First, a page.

As air is pumped through either a supercharger or a turbocharger, it is having work exerted upon it, by virtue of being moved from one place to another and being compressed. As a result, its temperature will go up.
Firstly, as any gas gets hotter, its density decreases. Therefore, hot air is less dense and will burn less fuel and thus power goes down. Conversely, cold air is denser and you can burn more fuel in the available oxygen to produce more power. That’s why most engines feel like they are pulling a lot harder on cold or damp mornings.
The other main drawback is that as the air entering the engine gets hotter, then the engine moves closer to the point where detonation can occur, with the potentially disastrous results that can bring. So reducing the temperature of air going into the engine is definitely a good thing.
Most turbo engines will have an intercooler of some type, to reduce the air temperature as much as possible.
An intercooler is a heat exchanger, normally located at the front of the car in the air stream. The compressed inlet air passes through the intercooler itself and is cooled by air flowing across the intercooler matrix, in the same way as the radiator cools the engine coolant.
Factory intercoolers are designed to operate within the boost pressures the designers set. If the boost pressure has been increased, then the chances are the intercooler won’t be cooling the charge as much as you need. That’s where aftermarket ones come in.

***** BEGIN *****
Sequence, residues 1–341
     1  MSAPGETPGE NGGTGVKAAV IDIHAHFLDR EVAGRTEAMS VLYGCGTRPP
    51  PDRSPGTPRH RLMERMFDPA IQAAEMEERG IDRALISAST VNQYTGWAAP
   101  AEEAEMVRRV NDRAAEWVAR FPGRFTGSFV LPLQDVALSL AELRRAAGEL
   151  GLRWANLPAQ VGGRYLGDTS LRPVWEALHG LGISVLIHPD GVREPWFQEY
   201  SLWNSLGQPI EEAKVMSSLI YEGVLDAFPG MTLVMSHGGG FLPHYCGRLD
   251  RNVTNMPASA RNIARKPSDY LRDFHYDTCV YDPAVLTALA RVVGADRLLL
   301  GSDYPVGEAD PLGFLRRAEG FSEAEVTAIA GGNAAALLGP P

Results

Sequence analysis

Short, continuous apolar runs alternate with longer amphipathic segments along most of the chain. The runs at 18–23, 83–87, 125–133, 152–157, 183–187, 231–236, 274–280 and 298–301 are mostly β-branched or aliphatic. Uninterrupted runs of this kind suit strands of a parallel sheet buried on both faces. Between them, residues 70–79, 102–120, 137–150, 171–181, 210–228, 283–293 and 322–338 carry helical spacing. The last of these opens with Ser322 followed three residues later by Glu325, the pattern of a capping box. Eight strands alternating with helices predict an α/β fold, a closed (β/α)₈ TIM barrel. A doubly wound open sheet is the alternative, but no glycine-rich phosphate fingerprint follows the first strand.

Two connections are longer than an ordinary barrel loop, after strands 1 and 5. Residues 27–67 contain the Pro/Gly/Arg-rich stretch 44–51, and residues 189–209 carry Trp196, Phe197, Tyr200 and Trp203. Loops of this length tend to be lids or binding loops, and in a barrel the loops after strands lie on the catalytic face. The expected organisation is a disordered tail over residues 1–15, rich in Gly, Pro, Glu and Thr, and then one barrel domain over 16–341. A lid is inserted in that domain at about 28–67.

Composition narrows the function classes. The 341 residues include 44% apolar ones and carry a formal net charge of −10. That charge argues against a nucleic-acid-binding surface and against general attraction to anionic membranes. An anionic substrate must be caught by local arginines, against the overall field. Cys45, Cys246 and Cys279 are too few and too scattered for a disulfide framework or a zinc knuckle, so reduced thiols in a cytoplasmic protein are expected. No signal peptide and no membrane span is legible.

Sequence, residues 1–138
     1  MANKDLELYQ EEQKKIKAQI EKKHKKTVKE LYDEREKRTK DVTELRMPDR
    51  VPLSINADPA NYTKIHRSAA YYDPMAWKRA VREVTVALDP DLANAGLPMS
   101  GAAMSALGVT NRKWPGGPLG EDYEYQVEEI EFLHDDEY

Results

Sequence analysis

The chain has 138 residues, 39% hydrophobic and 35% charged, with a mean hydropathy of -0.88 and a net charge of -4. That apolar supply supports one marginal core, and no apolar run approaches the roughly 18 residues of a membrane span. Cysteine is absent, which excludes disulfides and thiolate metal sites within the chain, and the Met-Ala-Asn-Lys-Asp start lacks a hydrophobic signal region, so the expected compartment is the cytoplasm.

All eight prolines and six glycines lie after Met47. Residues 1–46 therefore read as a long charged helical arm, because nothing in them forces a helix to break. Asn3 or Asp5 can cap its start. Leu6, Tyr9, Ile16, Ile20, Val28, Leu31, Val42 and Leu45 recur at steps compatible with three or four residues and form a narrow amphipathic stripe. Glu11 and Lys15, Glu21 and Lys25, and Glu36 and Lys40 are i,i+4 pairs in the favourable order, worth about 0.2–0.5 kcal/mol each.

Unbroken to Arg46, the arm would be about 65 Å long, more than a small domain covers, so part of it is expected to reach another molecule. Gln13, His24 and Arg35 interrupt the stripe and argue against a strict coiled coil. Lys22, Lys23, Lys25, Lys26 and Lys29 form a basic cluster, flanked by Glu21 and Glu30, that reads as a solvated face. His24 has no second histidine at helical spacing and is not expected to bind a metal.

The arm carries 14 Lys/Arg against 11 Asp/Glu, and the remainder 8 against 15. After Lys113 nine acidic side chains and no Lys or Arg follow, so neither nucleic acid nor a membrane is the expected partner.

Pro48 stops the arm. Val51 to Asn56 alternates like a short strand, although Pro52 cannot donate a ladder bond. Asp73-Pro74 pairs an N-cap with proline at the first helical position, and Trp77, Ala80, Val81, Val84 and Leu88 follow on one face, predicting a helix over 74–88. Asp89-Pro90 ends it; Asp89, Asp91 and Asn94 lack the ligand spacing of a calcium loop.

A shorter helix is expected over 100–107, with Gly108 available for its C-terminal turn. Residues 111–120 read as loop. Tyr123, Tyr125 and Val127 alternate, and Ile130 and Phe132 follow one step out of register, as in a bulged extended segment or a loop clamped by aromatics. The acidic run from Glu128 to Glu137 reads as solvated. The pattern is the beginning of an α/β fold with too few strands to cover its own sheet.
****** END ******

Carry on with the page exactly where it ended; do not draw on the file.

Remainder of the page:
The important key to cooling the charge is without reducing the boost pressure. In practice, this is very difficult and generally, some boost reduction will occur. However, the benefits of a cooler charge are worthwhile.
An intercooler typically consists of three main components:
The inlet is designed to disperse the charge throughout the matrix, so it can be cooled effectively by the air flowing over it. The outlet tank then collects the charge and channels it out of the cooler and into the inlet manifold.
There are three main types of intercooler:
The OE replacement will generally be around the same dimensions as the original but a bit thicker and bit longer. However, they will be limited by the original mounting location and the air flow that provides. A larger front-mounted item will provide more area for the inlet charge to be cooled by the air flow across it. However, its larger volume will mean that it won’t do anything until it’s full of air. This can take a while, especially while the turbo spools up, and that can lead to increased lag. Once the engine is in high RPMs and the turbo is spinning, they generally work well.
The third variety is a charge cooler which is an air/water cooler, with liquid coolant removing heat from the inlet charge, especially useful when air flow across the intercooler isn’t enough on its own.
One final way of reducing charge temperature is by using water injection. Squirting a fine mist of water into the inlet charge actually helps to cool it, as the fine water droplets absorb heat from the charge and vaporize.